Next, we compiled a list of all of the data elements we wished to retrieve, including current medications, discharge status, length of stay and other metrics. For each element, we specified the time interval that we wished the element to cover. Simply saying “for this visit” was not sufficient. For example, if a patient arrived in January for a visit, and then came for surgery in April, no new medications would appear on the April encounter if there was no change from the January list. So, we asked for “all medications currently being taken at the time of this encounter.”

 

Another data element that was difficult to specify was: “How many days did the patient live after the visit?” The data warehouse team created several fields for us to address this issue. One indicated the patient’s discharge disposition, and another indicated if the patient had died on any subsequent visit. A third field reported the date of death within the Social Security Death Index for that patient’s Social Security number. The Social Security Death Index has significant limitations, however. Since November 2011, state records have been removed from the index, reducing the number of new entries each year by 1 million.3 Also, some departments do not collect a patient’s Social Security number unless it is required for billing the patient’s insurance carrier.

 

Once the specification was completed, the data warehouse team created the report. After about two months of programming, we started using the report on a regular basis. Any cases that could not be matched to encounters in the hospital data warehouse were followed up to identify ways to improve the matching algorithm. By incorporating the hospital encounter-level records, we were able to begin contributing data regarding the vast majority of cases to the Anesthesia Quality Institute, including length of stay, discharge status, ICD-9 diagnosis and procedure codes, and laboratory test results.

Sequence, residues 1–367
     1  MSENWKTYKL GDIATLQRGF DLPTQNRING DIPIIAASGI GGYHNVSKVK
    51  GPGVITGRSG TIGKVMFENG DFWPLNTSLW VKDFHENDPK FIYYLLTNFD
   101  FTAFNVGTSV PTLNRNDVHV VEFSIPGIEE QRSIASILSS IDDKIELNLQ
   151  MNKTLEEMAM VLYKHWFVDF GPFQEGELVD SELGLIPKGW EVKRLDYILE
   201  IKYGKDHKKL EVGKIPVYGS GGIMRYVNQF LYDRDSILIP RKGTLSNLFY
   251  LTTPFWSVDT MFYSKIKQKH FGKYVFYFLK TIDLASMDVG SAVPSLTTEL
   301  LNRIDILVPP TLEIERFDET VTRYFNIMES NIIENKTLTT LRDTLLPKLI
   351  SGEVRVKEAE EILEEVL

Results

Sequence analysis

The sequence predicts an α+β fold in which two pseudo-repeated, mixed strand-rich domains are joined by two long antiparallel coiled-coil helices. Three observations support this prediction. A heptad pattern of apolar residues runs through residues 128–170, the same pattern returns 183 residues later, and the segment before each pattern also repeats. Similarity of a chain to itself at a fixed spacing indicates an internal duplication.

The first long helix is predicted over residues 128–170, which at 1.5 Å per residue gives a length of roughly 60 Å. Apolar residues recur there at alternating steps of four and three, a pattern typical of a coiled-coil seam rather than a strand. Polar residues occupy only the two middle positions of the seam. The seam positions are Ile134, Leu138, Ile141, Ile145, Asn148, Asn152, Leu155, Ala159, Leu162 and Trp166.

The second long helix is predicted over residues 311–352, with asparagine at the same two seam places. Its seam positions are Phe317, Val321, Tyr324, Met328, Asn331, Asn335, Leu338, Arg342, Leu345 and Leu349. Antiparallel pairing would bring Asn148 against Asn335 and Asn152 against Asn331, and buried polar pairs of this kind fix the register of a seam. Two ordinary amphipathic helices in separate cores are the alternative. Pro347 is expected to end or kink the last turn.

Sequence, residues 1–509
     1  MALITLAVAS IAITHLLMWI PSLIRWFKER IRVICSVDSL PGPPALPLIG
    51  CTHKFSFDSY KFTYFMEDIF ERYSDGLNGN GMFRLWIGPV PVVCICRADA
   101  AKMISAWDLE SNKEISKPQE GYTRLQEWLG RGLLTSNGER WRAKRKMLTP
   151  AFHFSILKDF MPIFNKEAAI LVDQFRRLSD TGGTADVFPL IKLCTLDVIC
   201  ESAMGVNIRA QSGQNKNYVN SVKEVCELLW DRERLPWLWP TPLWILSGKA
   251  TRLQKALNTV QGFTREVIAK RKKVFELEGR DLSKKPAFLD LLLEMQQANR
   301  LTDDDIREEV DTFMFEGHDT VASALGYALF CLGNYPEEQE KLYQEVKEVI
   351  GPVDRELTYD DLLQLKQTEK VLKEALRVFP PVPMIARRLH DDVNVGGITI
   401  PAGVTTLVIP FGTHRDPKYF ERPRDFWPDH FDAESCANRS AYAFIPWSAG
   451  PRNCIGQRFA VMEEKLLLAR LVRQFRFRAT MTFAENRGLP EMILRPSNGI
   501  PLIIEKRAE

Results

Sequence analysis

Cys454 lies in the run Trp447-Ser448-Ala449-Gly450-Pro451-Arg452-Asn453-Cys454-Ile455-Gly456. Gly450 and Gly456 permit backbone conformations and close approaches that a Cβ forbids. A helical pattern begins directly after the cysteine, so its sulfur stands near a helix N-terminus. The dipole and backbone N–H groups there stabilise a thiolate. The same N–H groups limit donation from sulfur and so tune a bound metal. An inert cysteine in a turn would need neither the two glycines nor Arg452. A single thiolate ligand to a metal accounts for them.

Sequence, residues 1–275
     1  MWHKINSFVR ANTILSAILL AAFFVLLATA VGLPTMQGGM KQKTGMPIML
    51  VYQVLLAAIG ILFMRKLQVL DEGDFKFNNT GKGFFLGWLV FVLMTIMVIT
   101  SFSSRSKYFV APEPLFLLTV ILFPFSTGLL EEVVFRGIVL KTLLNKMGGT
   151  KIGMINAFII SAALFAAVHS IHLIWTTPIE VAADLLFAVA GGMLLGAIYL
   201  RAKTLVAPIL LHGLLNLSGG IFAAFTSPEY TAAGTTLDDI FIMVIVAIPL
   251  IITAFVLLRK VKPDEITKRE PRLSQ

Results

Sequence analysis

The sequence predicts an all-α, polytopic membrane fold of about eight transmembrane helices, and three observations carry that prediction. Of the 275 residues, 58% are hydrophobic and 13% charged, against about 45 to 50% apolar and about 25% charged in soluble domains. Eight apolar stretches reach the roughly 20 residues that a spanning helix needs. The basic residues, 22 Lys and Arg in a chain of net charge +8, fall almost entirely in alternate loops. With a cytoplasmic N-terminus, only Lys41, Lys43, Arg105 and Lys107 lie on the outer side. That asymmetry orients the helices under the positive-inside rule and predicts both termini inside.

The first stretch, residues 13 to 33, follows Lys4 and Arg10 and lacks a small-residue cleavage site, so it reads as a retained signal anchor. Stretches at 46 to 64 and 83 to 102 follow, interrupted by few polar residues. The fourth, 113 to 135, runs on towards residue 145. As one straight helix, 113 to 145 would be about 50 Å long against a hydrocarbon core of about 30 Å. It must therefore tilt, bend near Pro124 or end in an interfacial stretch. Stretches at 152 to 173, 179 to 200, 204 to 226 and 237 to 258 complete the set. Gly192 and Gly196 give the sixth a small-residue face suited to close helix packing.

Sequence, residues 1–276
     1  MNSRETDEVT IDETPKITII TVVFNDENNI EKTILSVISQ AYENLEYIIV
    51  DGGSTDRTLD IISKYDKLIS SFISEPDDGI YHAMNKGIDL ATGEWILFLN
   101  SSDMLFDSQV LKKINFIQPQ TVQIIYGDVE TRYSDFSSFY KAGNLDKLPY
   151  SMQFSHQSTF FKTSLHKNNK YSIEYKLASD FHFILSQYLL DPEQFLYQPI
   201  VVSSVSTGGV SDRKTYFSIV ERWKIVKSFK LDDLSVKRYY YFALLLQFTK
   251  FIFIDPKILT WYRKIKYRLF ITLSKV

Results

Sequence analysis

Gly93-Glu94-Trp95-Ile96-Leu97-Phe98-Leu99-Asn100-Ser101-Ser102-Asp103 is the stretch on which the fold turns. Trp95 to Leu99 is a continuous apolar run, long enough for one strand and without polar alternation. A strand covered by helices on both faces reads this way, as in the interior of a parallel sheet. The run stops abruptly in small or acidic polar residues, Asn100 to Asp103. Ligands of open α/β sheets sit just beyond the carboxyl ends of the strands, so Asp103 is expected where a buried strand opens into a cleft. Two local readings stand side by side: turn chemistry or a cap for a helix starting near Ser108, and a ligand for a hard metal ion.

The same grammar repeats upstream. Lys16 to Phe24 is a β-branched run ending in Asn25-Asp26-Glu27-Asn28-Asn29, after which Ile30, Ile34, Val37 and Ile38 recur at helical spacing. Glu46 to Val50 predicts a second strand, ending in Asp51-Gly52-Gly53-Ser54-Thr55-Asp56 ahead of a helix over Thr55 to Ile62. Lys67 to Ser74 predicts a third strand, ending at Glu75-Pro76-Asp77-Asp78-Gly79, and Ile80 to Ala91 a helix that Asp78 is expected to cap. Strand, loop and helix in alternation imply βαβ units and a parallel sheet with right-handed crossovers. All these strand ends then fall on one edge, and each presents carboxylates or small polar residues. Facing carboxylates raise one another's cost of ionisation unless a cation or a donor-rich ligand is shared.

The Robustness Principle

All interfaces should follow the robustness principle, also known as Postel’s Law: “Be conservative in what you do, be liberal in what you accept from others.”2 The meaning of this statement is that interface software should always send data in exactly the same format, but allow data that are being received to vary slightly or to contain noise. The most robust interface software ignores variations and noise in incoming data.

 

As part of our department’s documentation compliance initiative, we asked the enterprise electronic medical record (EMR) team for a feed alerting us whenever an anesthesia note (pre-op, handoff or post-op) was filed. Our EMR team provided a report generated several times a day. The interface software was written to read these periodic reports and stream the data to our database. The compliance software then sent an email reminder to all providers whose recent cases did not have the appropriate EMR notes.

 

Some of the periodic reports were revised versions of reports originally written for human consumption, and many had unusual date and time formatting. The reports would usually show up at the appointed time, but some days they would not. Sometimes, the report would claim that no notes were written, which was highly unlikely.

 

We wrote our interface software to be very forgiving of variances within the reports and to perform “sanity checks” on the data. Another goal we set was to have the interface report details of how the data were not meeting expectations. Objective data are far more helpful to data interface partners than broad complaints such as “it’s not working the way you said it would.”